Smith’s collaboration with Tower began about two years ago after Smith, an aspiring neurosurgeon, emailed Tower asking about possible research opportunities. Tower became interested when he learned Smith had taken a summer genetics course in the Center Scholars Program (Center for Talented Youth) at Johns Hopkins University, Tower’s alma mater.  

“We had never had a high school student in our lab before, but it’s worked out very well,” said Tower. “Caleb has a wonderful attitude, he’s very inquisitive and interested in everything going on. He is always very positive about the research, which he clearly enjoys, and he’s always looking for ways to help me and other people in the lab.”

Smith has worked with Tower and Gary Landis, a research associate at USC Dornsife, on his experiments. He worked with Chaitanya Nadig, a master’s student technician from USC Viterbi School of Engineering, who taught him the video analysis component of his experiment.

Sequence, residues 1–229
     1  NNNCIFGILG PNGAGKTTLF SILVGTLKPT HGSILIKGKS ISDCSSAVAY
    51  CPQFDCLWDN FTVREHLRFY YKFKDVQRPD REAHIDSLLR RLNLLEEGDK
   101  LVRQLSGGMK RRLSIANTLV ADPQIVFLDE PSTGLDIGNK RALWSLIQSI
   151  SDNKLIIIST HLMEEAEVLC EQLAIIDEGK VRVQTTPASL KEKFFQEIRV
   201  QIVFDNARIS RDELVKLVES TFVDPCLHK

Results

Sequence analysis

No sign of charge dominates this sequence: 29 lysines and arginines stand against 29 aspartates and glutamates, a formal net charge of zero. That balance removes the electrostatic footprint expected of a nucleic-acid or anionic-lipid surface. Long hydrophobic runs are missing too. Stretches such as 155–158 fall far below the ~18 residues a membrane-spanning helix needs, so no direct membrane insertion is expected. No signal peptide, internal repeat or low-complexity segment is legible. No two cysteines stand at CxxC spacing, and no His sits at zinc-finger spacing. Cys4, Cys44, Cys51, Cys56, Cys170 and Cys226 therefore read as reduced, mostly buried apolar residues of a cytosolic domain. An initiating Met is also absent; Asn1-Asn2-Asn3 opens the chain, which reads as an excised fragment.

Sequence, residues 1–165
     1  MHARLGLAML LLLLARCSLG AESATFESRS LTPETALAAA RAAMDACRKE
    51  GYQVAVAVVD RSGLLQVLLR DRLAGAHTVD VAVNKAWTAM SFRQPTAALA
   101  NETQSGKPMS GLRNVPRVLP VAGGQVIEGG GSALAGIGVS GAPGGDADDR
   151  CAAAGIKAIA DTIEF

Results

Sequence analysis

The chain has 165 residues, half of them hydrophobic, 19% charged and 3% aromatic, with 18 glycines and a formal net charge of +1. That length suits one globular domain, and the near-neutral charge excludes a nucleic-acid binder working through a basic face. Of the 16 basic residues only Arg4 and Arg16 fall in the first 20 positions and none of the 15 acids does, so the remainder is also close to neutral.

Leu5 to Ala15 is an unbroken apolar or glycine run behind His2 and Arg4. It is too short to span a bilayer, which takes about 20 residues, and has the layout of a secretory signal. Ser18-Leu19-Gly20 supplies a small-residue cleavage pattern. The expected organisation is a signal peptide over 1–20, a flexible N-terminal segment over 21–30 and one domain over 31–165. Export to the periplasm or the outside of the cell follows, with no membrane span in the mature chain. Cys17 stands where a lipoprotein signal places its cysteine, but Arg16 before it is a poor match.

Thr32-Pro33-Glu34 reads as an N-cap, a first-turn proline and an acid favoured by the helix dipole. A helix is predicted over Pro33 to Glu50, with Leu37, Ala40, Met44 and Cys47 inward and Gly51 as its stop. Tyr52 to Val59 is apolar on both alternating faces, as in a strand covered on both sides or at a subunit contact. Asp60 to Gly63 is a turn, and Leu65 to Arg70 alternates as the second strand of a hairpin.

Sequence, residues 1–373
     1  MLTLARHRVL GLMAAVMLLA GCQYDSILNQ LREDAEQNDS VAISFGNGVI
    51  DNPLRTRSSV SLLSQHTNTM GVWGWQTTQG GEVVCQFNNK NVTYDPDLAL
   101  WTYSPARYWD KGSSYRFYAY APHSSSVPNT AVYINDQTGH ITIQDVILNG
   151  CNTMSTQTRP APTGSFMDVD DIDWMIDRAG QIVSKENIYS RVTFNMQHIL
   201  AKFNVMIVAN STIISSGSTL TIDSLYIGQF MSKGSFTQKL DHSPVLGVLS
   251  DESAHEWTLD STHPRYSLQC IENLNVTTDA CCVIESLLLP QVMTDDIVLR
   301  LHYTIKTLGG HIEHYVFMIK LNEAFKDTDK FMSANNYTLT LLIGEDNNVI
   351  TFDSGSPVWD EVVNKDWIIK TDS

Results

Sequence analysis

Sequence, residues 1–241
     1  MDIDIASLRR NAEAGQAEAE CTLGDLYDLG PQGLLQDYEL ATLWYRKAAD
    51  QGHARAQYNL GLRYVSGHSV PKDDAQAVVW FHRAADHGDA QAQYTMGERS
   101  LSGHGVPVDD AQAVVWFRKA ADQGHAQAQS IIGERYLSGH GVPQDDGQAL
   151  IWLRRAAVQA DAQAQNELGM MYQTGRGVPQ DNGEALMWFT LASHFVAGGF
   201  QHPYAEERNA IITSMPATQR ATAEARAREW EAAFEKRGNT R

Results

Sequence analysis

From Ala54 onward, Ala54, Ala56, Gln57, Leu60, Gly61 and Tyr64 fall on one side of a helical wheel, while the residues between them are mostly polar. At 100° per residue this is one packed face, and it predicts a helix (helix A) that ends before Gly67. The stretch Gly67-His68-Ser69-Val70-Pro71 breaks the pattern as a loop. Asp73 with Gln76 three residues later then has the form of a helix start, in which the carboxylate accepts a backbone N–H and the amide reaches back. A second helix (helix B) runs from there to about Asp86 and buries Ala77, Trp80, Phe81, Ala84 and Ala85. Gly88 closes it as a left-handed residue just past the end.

“I love working with Dr. Tower and Gary because they’re both really hands-on,” Smith said. “In some labs, the leaders are always busy writing grants, but Dr. Tower won’t hesitate to work with you, even on a Sunday morning, because he cares about the success of your project even if it’s not the most major thing going on at the lab at the time. And Gary is a real teacher. He takes time to make sure you understand the concepts and are not just going through the motions.”

Tower noted that having people of different ages and at various stages in their career contributes to the lab’s atmosphere. Smith will continue his research in the Tower lab this summer and next academic year.

“I’m so grateful for the opportunity to work in the lab and for all the hours [Tower and Landis] have spent with me,” said Smith. “I came into the lab not really knowing anything about laboratory research — they’ve gotten me to where I am now and have given me a foundation for the future.”